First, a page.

Risk and Career Choice

University of Pennsylvania
Advances in Economic Analysis & Policy 02/2005; 5(1):1414-1414.
Source: RePEc

ABSTRACT Choosing a type of education is one of the largest financial decisions we make. Educational investment differs from other types of investment in that it is indivisible and non-tradable. These differences lead agents to demand a premium to enter careers with more idiosyncratic risk. Since the required premium will be smaller for wealthier agents, they will tend to enter careers with more idiosyncratic risk.After developing a model of career choice, we use data from the Panel Study of Income Dynamics (PSID) to estimate the risk associated with different careers. We find education, health care, and engineering careers to have relatively safe streams of labor income; business, sales, and entertainment careers are more risky.By choosing a college major, many students make a costly human capital investment that allows them to enter a specific career. To examine the link between wealth and college major choice implied by the model, we use data on choice of college major from the National Postsecondary Student Aid Survey (NPSAS). Controlling for observable measures of ability and background, we find evidence that wealthier students tend to choose riskier careers, particularly business.

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    ABSTRACT: We use a unique data set about the wage distribution that Swiss students expect for themselves ex ante, deriving parametric and non-parametric measures to capture expected wage risk. These wage risk measures are unfettered by heterogeneity which handicapped the use of actual market wage dispersion as risk measure in earlier studies. Students in our sample anticipate that the market provides compensation for risk, as has been established with risk augmented Mincer earnings equations estimated on market data: higher wage risk for educational groups is associated with higher mean wages. With observations on risk as expected by students we find compensation at similar elasticities as observed in market data. The results are robust to different specifications and estimation models.
    Economics of Education Review 01/2011; 30:215-227. · 1.07 Impact Factor
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    ABSTRACT: This paper examines whether conclusions about the relationship between education and labor market risk depend on the use of commonly applied procedures to clean data of extreme values. The analysis uses fifteen years of data from the Panel Study of Income Dynamics to demonstrate that conclusions about the relationship between education and labor market risk are sensitive to how extreme values of labor income are treated. The untrimmed estimates imply that college graduates experience 75% less transitory labor market risk than high school dropouts. However, applying commonly used trimming procedures results in estimates of a one standard deviation transitory labor market shock for high school dropouts being reduced by between $2700 and $4500, or 14% and 24% of annual earnings. The results demonstrate that seemingly innocuous sample selection procedures can have substantive implications.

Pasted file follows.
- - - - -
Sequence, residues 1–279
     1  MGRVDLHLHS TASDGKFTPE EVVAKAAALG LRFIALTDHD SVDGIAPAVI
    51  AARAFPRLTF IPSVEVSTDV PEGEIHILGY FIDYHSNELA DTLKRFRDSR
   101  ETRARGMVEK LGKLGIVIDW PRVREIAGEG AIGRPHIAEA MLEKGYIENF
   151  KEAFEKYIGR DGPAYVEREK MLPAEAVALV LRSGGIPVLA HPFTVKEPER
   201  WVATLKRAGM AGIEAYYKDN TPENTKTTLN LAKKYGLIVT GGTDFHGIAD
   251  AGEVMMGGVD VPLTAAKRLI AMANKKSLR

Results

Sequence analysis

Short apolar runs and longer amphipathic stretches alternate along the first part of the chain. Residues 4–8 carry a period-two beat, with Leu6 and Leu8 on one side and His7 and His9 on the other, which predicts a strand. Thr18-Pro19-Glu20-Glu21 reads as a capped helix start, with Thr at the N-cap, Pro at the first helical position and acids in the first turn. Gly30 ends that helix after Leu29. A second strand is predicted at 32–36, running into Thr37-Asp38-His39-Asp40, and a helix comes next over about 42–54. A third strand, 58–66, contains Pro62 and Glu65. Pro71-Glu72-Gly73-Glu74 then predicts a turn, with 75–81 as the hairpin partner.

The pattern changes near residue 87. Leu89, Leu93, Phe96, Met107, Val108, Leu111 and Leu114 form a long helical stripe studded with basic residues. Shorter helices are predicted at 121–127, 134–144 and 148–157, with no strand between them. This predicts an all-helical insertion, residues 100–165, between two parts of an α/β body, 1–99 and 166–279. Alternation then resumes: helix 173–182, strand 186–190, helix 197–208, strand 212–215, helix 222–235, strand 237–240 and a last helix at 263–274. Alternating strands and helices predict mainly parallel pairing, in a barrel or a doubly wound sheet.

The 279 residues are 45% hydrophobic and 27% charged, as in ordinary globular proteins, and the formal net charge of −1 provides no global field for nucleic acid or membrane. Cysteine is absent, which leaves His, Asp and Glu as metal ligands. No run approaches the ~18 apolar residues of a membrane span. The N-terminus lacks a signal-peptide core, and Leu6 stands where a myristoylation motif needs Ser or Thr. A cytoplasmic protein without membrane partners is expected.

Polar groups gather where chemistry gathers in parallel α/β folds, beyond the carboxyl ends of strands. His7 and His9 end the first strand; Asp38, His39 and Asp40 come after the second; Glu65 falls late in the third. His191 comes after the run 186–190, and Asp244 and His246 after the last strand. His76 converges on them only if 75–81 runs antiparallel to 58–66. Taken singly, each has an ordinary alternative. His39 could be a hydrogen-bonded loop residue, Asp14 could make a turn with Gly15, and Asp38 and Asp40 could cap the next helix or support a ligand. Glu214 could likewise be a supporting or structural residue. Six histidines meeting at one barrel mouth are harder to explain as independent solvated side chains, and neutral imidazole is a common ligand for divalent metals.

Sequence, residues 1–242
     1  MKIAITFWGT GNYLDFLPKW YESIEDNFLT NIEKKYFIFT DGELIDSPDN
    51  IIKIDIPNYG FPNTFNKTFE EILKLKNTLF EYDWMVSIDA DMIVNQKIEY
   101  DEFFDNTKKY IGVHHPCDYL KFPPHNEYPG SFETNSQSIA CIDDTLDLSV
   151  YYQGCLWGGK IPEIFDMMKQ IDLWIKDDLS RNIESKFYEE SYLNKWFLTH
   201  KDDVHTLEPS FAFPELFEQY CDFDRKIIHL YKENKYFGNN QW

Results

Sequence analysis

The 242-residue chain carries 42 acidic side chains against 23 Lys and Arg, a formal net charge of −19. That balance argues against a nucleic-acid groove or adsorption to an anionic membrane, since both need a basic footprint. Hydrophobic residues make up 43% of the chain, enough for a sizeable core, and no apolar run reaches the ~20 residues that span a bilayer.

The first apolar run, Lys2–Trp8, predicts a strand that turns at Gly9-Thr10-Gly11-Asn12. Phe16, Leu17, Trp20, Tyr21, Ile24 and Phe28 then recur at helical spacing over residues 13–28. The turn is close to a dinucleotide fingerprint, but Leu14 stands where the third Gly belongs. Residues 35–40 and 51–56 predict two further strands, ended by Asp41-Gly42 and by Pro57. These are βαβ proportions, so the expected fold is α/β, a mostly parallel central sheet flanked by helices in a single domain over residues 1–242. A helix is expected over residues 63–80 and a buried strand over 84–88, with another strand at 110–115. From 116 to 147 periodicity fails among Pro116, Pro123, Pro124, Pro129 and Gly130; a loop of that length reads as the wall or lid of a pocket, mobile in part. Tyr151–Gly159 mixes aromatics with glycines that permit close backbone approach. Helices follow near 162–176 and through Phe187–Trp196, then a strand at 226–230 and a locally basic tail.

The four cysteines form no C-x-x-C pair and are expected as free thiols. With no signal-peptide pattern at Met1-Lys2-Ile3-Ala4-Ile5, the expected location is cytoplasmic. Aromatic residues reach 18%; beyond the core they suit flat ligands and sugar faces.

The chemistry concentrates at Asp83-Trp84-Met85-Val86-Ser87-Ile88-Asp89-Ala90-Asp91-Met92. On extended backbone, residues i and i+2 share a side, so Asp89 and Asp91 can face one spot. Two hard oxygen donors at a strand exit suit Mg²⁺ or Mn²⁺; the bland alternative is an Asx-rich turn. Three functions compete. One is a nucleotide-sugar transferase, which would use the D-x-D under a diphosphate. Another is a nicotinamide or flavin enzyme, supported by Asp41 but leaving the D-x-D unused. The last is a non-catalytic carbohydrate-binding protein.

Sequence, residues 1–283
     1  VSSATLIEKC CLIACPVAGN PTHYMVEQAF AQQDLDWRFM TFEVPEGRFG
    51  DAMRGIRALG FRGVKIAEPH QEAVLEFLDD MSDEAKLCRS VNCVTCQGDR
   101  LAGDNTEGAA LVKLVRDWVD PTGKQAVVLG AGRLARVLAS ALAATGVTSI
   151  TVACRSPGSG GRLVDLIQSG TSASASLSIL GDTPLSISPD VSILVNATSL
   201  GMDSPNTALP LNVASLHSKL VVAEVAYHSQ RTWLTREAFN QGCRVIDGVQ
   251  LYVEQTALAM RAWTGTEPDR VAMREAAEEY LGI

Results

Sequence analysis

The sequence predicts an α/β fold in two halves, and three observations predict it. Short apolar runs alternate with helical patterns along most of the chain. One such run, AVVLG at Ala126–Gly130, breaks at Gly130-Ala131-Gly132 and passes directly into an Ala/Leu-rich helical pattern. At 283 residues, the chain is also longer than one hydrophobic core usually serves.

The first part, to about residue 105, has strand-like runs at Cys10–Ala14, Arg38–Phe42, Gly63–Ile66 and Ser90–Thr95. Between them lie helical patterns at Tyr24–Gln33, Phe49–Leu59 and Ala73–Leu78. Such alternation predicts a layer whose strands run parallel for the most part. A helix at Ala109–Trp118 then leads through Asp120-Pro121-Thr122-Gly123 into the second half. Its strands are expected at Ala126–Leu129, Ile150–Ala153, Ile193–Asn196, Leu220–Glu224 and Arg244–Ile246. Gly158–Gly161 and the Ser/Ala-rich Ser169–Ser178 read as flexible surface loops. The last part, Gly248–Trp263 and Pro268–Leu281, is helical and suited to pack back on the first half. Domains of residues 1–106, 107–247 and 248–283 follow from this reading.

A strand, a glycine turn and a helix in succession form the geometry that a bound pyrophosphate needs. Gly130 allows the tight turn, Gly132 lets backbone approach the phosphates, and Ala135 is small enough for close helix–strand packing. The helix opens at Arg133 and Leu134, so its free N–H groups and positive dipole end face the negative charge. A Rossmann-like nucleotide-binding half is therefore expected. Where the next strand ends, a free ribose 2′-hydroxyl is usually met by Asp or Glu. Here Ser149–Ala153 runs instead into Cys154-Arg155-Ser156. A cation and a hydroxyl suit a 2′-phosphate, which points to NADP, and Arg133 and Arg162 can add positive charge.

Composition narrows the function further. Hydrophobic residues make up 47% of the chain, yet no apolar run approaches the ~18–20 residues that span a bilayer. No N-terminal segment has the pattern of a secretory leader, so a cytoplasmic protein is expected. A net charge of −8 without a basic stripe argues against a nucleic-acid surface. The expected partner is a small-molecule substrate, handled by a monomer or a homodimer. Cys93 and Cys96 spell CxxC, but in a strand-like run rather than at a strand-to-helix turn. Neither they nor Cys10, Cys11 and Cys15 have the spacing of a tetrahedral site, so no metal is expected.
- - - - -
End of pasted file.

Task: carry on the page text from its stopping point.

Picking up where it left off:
Economics of Education Review 01/2011; 30(3):528-545. · 1.07 Impact Factor
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    ABSTRACT: Social status concerns influence investors' decisions by driving a wedge in attitudes toward aggregate and idiosyncratic risks. I model such concerns by emphasizing the desire to “get ahead of the Joneses,” which implies that aversion to idiosyncratic risk is lower than aversion to aggregate risk. The model predicts that investors hold concentrated portfolios in equilibrium, which helps rationalize the small premium for undiversified entrepreneurial risk. In the model, status concerns are more important for wealthier households. Consequently, these households own a disproportionate share of risky assets, particularly private equity, and experience greater volatility of consumption, consistent with empirical evidence.
    The Journal of Finance 09/2010; 65(5):1755 - 1788. · 4.22 Impact Factor


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